(Received 15 October 1975; accepted 26 December 1975)
Published Online: 1976
| ||Format||Pages||Price|| |
|PDF (468K)||9||$25||  ADD TO CART|
Cite this document
In discussing the manner in which our juvenile justice system is subject to manipulation by the political process, four factors will be discussed: (1) treatment, (2) administration, (3) agency interface, and (4) selection and appointment of juvenile judges. These factors were selected not only because of the inherent political manipulability within each of them but also because of their more overriding ability to influence the personnel and components of the juvenile justice system in a distinctively negative fashion. These four factors are not always negative or uncontrollable; informed and enlightened juvenile court administrators could, to a degree, minimize the politicalization process and maximize the advantages that characterize these four factors. Whether we can presuppose the existence of such a group of enlightened juvenile court administrators is another matter. In any event, the objective of this paper is to discuss how these four very important variables within the juvenile justice system manifest their dysfunctional consequences and either latently or overtly contribute to the politicalization of the juvenile court and its personnel.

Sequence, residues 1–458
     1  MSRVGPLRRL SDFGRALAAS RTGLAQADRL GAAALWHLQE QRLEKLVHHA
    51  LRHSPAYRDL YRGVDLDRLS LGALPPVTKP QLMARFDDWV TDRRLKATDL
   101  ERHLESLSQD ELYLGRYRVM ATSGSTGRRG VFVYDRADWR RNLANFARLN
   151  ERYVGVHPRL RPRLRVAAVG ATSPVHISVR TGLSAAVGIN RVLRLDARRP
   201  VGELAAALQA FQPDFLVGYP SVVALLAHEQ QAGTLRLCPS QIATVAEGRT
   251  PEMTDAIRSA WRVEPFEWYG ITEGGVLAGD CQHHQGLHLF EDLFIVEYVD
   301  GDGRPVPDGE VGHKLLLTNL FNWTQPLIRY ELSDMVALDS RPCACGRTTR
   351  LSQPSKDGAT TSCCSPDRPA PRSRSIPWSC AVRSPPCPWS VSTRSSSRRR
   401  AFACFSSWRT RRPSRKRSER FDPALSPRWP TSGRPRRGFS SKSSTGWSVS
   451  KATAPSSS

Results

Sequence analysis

Associate professor, Criminal Justice Program, School of Social Welfare, University of Wisconsin-Milwaukee, Milwaukee, Wisc.
Stock #: JFS10543J